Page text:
His most famous book Geometriae rotundi Ⓣ (1583), was intended as a textbook and the reader is referred to Regiomontanus for more details. It was based on works by Peter Ramus from whom he took the word 'rotundi' of the title, meaning circle and sphere, and the word 'radius'. The book introduces the terms 'tangents' and 'secants' and Fincke devised new formulae such as the law of tangents. The work, written in Latin, is divided into 14 Books but it would be more appropriate to think of them as chapters. The elementary theory of the circle is presented in Books 1 to 4, plane trigonometry is studied in Books 5 to 11, and the final three Books treat spherical trigonometry. Most of the 14 Books have subtitles:
Liber Primus. De circuli rectis secantibus Ⓣ.The work consists of just over 400 pages, but almost a third of these pages are taken up with trigonometric tables which are printed between Books 9 and 10. The abbreviations Fincke used for the standard trigonometric functions mark the beginning of the notation which is current today. For 'sine' he wrote 'sin.', for 'cosine' he wrote ' sin. com.', for 'tangent' he wrote 'tan.', for secant he wrote 'sec.', for 'cosecant' he wrote 'sec.com.', and for 'cotangent' he wrote 'tan.com.'. Fincke's book was recommended by Clavius, Napier and Pitiscus all of whom adopted much from it. His other works on astronomy and astrology are of much less interest despite the fact that he was in touch with Brahe and Kepler. These include: Horoscopographia, continens fabricam cardinum coelestium ad quodvis datum tempus: et viam deductionis Ptolemaicam Ⓣ (1585), and Horoscopographia sive de inveniendo stellarum astrologia situ Ⓣ (1591).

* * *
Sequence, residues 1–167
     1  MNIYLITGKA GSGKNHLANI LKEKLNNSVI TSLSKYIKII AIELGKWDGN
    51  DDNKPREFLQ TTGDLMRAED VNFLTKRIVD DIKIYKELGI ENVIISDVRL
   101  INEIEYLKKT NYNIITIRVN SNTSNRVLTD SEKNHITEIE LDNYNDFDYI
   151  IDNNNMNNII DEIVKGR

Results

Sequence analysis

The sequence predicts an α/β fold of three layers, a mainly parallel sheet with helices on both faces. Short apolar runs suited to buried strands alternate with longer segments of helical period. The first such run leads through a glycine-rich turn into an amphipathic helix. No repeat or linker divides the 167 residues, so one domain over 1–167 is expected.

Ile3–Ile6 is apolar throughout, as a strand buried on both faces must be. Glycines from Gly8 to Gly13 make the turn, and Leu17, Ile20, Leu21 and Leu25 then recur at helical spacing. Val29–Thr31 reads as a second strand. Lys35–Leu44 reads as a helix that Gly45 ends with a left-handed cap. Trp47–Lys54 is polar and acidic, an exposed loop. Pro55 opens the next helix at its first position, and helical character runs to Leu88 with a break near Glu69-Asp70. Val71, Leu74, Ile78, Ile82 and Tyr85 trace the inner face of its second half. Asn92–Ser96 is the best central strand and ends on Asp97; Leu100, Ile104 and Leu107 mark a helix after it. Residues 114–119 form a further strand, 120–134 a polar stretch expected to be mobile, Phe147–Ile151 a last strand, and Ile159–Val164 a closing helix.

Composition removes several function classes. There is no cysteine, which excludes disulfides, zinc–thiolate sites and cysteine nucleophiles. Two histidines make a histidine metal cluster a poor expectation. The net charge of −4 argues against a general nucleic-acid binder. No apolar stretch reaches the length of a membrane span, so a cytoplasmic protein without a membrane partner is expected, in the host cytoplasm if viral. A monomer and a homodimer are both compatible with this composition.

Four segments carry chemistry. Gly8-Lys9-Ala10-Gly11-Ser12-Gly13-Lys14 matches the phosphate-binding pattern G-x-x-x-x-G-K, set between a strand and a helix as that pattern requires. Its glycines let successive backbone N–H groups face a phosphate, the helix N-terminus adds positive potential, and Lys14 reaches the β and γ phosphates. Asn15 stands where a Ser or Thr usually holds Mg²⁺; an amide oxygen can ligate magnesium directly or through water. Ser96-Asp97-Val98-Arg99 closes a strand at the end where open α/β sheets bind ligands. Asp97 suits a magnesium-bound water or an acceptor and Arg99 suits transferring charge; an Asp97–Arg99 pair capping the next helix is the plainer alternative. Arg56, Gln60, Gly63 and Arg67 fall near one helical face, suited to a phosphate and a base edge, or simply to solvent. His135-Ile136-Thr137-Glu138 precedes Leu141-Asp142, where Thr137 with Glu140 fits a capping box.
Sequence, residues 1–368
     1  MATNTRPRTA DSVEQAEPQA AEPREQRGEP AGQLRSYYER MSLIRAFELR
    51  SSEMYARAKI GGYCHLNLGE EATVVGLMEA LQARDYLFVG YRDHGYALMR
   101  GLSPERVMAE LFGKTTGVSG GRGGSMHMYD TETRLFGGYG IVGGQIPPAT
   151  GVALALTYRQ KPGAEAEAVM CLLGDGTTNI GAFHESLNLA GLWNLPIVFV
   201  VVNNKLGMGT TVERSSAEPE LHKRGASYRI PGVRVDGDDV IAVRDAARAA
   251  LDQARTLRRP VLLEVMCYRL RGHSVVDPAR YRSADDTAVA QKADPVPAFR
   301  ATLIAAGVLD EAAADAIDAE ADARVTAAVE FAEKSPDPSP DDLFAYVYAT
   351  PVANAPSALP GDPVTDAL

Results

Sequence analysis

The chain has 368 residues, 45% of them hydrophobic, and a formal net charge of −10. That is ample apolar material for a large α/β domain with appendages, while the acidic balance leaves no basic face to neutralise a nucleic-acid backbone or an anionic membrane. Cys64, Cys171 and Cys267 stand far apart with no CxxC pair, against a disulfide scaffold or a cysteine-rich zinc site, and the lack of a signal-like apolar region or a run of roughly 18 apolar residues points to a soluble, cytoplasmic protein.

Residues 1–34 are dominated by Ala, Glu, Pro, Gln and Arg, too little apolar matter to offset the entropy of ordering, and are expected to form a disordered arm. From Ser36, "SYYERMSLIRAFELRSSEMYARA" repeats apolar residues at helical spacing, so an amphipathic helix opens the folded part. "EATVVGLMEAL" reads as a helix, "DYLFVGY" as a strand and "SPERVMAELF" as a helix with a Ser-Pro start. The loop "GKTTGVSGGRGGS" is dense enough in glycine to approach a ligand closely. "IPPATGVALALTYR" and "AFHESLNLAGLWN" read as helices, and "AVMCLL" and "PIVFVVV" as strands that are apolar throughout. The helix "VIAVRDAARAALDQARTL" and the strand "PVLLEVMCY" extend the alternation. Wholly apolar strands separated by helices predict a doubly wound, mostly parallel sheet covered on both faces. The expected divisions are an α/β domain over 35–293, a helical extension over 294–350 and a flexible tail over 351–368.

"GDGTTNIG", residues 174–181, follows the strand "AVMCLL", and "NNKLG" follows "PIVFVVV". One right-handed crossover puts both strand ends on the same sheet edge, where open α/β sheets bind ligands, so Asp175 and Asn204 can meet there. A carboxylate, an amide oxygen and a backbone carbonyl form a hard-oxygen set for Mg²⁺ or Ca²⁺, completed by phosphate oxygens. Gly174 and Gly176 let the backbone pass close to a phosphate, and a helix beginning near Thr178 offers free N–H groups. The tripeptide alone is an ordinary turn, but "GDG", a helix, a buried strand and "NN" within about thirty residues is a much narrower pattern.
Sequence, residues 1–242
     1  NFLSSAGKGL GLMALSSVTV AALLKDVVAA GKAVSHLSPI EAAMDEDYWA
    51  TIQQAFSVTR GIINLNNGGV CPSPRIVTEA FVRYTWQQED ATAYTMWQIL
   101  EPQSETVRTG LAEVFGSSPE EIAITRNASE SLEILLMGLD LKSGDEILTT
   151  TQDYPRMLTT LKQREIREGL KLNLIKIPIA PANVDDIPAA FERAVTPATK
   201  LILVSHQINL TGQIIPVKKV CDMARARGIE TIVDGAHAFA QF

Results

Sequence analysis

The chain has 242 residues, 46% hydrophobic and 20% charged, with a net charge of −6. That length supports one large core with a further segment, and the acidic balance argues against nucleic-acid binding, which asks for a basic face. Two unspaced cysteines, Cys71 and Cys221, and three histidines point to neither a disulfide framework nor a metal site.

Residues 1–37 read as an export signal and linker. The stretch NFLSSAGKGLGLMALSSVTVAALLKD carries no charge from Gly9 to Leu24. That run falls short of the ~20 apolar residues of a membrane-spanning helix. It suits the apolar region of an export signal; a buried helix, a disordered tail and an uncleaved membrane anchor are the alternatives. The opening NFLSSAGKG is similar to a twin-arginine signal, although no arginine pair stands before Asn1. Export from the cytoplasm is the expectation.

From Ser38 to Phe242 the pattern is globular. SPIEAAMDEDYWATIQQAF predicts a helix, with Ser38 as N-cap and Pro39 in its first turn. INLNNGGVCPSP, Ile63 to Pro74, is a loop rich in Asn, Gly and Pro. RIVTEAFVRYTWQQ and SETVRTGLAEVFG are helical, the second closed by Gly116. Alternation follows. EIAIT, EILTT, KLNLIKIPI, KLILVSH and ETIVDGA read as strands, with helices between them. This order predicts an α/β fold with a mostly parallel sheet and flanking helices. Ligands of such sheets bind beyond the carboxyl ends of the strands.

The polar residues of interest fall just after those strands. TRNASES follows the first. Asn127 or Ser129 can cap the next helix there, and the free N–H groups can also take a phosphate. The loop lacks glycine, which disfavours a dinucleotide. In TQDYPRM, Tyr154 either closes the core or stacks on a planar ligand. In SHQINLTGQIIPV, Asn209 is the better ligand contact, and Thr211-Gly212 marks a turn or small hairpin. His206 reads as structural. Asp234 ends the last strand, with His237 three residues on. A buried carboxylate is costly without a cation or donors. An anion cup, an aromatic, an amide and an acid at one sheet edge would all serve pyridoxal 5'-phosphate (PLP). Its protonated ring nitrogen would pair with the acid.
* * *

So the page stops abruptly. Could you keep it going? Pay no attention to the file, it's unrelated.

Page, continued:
Liber Secundus. De lineis circuli tangentibus sigillatim & coniunctim cum secantibus, atque obliquis Ⓣ.
Liber Quartus. De cruribus anguli in semicirculo Ⓣ.
Liber Quintus. De semicirculi sinibus, tangentibus, secantibus Ⓣ.
Liber Sextus. De adscriptione circuli & trianguli Ⓣ.
Liber Septimus. De adscriptione triangulati Ⓣ.
Liber Octavus. De tetragonismo circuli Ⓣ.
Liber Nonus. De canone triangulorum Ⓣ.
Liber Decimus. De calculo triangulorum Ⓣ.
Liber Undecimus. De Geodaesia rectarum Ⓣ.
Liber Decimustertius. De triangulis sphaericis Ⓣ.
Liber Decimusquartus. De calculo triangulorum sphaericorum Ⓣ.
Finally let us look briefly at the Thomas and Söst Finckes' large family and the influence they had on the academic families of Denmark for many generations. Their eldest son, Jacob Fincke (1592-1663), went on to become Professor of Mathematics and Physics at the University of Copenhagen. Anna (1594-1677), the eldest of the Finckes daughters, married Caspar Bartholin, a physician and theologian, and the famous mathematician Erasmus Bartholin was the second of their six sons. The Finckes' daughters Margaret (1595-1665), Dorothea (1596-1628) and Drude (1604-1671) all married university professors. When Thomas Fincke died he left seventy-nine descendants: children, grandchildren, great-grandchildren and great-great-grandchildren. These descendants dominated the academic professors at the University of Copenhagen during the 17th century.
Let us end this biography but quoting the summary given by Jürgen Schönbeck :-
Thomas Fincke ... was one of the very most important and significant scientists in Denmark during the seventeenth century, a mathematician and astrologer and physician in the beginning of modern science, a representative of humanism and an influential academic organizer.
Article by: J J O'Connor and E F Robertson